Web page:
In the play “A Doll’s House”, written by Henrik Ibsen, Nora, the main character of the play, decides to abandon her husband, her home and her children in order to find herself. It is evident from the start of the play that Nora is childish and has little experience in the real world, but as the play goes on, Nora develops and eventually becomes an independent self-thinking adult. Nora’s development starts with business transaction with Krogstad. Nora understood very little about the consequences before she made the “business transaction” with Krogstad.
Even as he continued to threaten her, she was in denial. It is the first taste of reality she has in her adult life. Krogstad opens the doors to the real world to Nora. All this time she has been a “doll to be played with” “your doll wife” and “Papa’s doll child” and naive about the world that she lives in. The business transaction with Krogstad is the first real difficulty she faces in her life and has to deal with independently. As Krogstad starts to blackmail her she begins to realize that everything isn’t as easy as they seem and that she must work hard if she ever wishes to achieve anything.
Krogstad, who is guilty of a similar crime, helps her see the consequences and severity of her actions. Nora learns to be independent for the first time in her life as it becomes clearer and clearer that she can’t ask Torvald for help and needs to deal with this herself. Mrs. Linde is the second instance of reality: This time, it is the reality of a woman who is not married, and who has to earn her living. Nora herself says how sorry she feels for Ms. Linde and clearly shows how shallow and superficial her own life is as she compares herself with Ms.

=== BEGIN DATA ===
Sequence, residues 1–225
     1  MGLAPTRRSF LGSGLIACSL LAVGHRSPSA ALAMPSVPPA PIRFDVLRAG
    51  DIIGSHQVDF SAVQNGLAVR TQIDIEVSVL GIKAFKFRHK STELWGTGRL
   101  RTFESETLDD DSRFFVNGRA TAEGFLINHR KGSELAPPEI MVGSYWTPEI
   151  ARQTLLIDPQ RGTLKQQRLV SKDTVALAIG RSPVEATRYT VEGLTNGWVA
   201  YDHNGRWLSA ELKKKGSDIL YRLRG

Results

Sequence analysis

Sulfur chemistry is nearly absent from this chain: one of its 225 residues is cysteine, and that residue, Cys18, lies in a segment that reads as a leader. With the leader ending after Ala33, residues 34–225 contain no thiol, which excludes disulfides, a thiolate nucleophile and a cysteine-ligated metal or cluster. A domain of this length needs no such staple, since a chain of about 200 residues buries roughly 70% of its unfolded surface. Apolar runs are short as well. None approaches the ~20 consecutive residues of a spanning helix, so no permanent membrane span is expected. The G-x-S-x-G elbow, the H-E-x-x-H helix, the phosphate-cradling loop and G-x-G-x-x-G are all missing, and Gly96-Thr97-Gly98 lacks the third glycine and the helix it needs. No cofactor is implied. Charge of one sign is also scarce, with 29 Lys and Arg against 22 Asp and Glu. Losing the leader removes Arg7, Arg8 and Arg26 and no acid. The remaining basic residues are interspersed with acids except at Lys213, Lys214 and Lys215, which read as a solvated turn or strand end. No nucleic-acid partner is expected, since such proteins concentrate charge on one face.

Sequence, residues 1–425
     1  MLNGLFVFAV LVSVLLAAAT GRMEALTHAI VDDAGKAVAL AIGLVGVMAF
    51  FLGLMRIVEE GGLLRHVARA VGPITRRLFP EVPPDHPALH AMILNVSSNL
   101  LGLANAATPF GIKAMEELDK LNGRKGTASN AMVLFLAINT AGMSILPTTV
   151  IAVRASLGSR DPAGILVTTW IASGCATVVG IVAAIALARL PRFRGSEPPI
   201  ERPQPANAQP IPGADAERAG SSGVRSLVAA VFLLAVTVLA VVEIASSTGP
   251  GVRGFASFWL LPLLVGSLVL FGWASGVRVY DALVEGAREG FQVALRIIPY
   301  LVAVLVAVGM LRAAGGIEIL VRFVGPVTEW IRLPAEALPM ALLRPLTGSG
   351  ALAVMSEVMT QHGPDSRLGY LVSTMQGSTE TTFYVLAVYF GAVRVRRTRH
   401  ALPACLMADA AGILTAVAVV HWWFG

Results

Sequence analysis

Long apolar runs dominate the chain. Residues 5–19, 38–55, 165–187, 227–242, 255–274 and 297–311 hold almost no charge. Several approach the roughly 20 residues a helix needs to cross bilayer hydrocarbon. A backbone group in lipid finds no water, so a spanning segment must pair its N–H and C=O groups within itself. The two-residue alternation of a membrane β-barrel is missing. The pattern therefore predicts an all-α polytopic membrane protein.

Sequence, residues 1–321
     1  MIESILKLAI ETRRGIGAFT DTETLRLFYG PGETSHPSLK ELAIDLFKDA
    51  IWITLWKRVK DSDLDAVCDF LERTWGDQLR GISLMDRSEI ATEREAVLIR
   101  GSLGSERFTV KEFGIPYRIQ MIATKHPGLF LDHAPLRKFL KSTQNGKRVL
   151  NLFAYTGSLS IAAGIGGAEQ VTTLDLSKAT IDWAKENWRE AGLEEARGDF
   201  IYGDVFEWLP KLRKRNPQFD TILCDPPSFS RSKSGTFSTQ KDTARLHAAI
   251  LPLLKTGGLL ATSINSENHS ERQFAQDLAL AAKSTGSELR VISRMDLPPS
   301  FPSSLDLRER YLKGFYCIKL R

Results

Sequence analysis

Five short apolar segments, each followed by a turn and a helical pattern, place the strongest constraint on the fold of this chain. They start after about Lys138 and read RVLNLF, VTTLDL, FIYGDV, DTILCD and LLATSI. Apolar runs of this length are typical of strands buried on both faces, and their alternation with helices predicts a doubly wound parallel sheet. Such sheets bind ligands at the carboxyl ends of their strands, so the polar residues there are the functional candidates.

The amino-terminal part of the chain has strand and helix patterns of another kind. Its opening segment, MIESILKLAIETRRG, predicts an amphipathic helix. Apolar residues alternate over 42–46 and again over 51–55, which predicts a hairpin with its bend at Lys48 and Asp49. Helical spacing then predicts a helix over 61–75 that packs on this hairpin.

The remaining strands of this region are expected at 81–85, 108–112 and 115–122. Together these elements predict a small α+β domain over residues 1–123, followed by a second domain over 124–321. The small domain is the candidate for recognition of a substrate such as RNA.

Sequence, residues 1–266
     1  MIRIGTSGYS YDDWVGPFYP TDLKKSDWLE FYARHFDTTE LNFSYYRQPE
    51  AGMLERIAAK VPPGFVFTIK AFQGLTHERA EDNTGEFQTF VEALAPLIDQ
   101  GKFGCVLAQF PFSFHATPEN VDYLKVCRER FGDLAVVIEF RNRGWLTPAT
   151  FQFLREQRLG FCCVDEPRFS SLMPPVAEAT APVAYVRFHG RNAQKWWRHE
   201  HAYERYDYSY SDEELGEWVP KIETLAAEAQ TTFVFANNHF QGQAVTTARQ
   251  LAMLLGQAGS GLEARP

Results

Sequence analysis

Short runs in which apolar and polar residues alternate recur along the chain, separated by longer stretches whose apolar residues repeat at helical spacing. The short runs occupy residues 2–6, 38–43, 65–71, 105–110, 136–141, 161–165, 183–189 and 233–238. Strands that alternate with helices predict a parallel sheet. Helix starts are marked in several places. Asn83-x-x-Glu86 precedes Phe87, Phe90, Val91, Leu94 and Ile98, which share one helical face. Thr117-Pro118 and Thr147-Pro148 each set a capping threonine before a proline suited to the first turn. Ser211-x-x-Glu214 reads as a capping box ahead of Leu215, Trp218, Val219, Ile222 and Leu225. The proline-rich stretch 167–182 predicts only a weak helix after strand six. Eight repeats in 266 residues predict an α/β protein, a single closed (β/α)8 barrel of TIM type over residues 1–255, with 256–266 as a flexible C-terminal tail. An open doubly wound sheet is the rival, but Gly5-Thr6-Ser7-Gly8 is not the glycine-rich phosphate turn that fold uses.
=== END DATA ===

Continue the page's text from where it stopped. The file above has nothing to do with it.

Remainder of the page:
Linde, who has experienced deception, death, loneliness, and sadness. Mrs. Linde is a dramatically contrasting character, and shows how clueless Nora is of how other people live their lives. Mrs. Linde realizes that Nora doesn’t see the severity of her actions and understands that keeping it from Torvald is only going to make matters worse. She tries to make Nora understand this but Nora’s childish and stubborn personality doesn’t want to disappoint Torvald. Though Nora never fully understood why it was important for Torvald to know, Mrs.
Linde did show Nora the importance of independence taught her that there is more to life than the confides of her home and this is what encouraged her actions at the end of the play. “I must stand on my own feet if I’m to get to know myself and the world outside. That’s way I can’t stay here with you any longer” Dr. Rank also has an impact on Nora’s development; He shows Nora the reality of death, and limits. At the same time, he shows her love. He declares to be in love with her, making her question her role in her marriage since her husband never really sees her in the light of a lover like Dr.
Rank, this helps her realize that she is no longer in love with her husband. When Rank receives his diagnosis, she is devastated and realizes that everything comes to an end. Just like her fantasy comes to an end as well. Krogstad, Mrs. Linde and Dr Rank all assist Nora in her development throughout the play, each making her realize and understand that she has been living an unhappy life and the only for her to happy again is to learn to be independent and trust herself.